May 98 Riots

Indonesia's Mass Rape Victims Are Waiting for Justice That May Never Come

In 1998, hundreds of Chinese-Indonesian women were raped and sexually assaulted as riots gripped the country. Will the perpetrators ever end up behind bars?

by Arzia Tivany Wargadiredja
21 May 2017, 10:00pm

Illustration by Ilham Kurniawan

All it took was a trip past an overpass in Slipi, West Jakarta, to leave Siska shaking with terror. Nineteen years ago, Siska, then a medical student, was waiting for a bus under the same overpass with her friend when a gang of men forced the women into a black Toyota Kijang SUV and sped off.

The women were thrown out of the SUV in nearby Kebon Jeruk. Both had been sexually assaulted. One man slashed Siska's breasts. She fainted the minute the blade touched her skin. When Siska came to she was bleeding heavily and abandoned on the streets far from home. The men fled the scene. As far as Siska knows, they were never prosecuted for their crimes.

"In the past, whenever I was reminded of that incident, my entire body would shudder and break out in a cold sweat," Siska recalled. "I would suddenly have this utter revulsion toward my breasts. At first, I would scream out, crying hysterically whenever I passed this area."

Siska, whose name was changed to protect her identity, told her story to a researcher from the National Commission on Violence Against Women (Komnas Perempuan) for a report on the mass rape of Chinese Indonesian women that occurred during the May 98 riots. Her story was included in a report titled "in denial!" that was released five year after the riots.

The riots were one of the darkest periods in Indonesian history. Riots broke out throughout the nation as Gen. Suharto's New Order government failed to curb the effects of a region-wide economic crisis. Indonesia lost 13.5 percent of its Gross Domestic Product (GDP) in a single year. The rupiah was in free-fall. The government tried to raise the price of gasoline by 70 percent. The price of electricity tripled. Students were in the streets, protesting at campuses in most major cities to demand that Suharto step down.

But officials with the New Order regime were pointing the finger at the country's ethnic Chinese minority, a group that was long used as a scapegoat by those in power.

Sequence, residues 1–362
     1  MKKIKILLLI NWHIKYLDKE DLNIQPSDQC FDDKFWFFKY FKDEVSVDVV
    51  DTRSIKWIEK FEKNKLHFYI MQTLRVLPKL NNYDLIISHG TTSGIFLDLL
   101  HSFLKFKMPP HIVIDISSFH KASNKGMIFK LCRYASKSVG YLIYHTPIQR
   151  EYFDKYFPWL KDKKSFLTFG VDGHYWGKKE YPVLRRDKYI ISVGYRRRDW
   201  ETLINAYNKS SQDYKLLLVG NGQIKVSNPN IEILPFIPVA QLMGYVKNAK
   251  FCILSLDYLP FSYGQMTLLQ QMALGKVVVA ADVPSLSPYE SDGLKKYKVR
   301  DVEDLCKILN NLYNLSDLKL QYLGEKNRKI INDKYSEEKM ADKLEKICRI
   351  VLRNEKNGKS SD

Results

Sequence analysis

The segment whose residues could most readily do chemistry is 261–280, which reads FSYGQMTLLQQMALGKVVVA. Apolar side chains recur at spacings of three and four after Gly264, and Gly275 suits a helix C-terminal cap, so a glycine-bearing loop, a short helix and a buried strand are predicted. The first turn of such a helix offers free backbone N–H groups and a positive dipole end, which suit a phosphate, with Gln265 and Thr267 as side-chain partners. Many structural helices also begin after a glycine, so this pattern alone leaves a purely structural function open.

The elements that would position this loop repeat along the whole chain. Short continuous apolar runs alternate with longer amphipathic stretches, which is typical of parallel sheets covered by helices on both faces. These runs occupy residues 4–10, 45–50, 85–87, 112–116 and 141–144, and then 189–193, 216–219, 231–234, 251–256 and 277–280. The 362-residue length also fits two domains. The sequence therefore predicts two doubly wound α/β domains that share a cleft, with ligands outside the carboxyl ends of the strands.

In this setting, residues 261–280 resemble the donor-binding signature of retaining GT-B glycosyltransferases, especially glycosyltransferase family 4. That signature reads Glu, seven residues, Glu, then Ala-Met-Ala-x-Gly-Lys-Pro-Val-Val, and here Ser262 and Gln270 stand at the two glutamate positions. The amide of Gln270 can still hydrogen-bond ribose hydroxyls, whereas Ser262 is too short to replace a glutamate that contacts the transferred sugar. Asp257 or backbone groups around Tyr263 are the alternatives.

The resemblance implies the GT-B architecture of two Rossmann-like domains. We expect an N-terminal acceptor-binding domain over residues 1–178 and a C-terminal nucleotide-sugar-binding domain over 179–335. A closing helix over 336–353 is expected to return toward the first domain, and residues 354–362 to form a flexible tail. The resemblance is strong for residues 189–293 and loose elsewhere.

The country had seen a rise in sporadic anti-Chinese riots throughout much of the year. But in May, tensions boiled over. Riots broke out in the country's third-largest city—Medan, North Sumatra—on 4 May 1998 after a student was allegedly killed by a tear gas canister. By the 12th the violence had hit the capital after security forces opened fire on a crowd of student protestors gathered at West Jakarta's Trisakti University. Angry mobs soon took over the streets, looting and setting fire to Chinese Indonesian owned shops and targeting ethnic Chinese communities in a wave of violence that lasted for days.

More than 1,000 people were killed in Jakarta alone, many of them looters who died in a series of large fires. Initial estimates uncovered evidence of at least 168 rapes in the Indonesian capital. There were another 300 reported nationwide. Most of the victims were Chinese Indonesian women.

On July 15, 1998, then president BJ Habibie condemned the violence against women in a formal government apology over the events that had occurred only two months earlier. The new Reformasi government established a fact-finding mission to investigate the riots shortly after Suharto's fall. Komnas Perempuan was established in October 1998 by presidential decree. It was tasked with investigating the allegations of mass rape.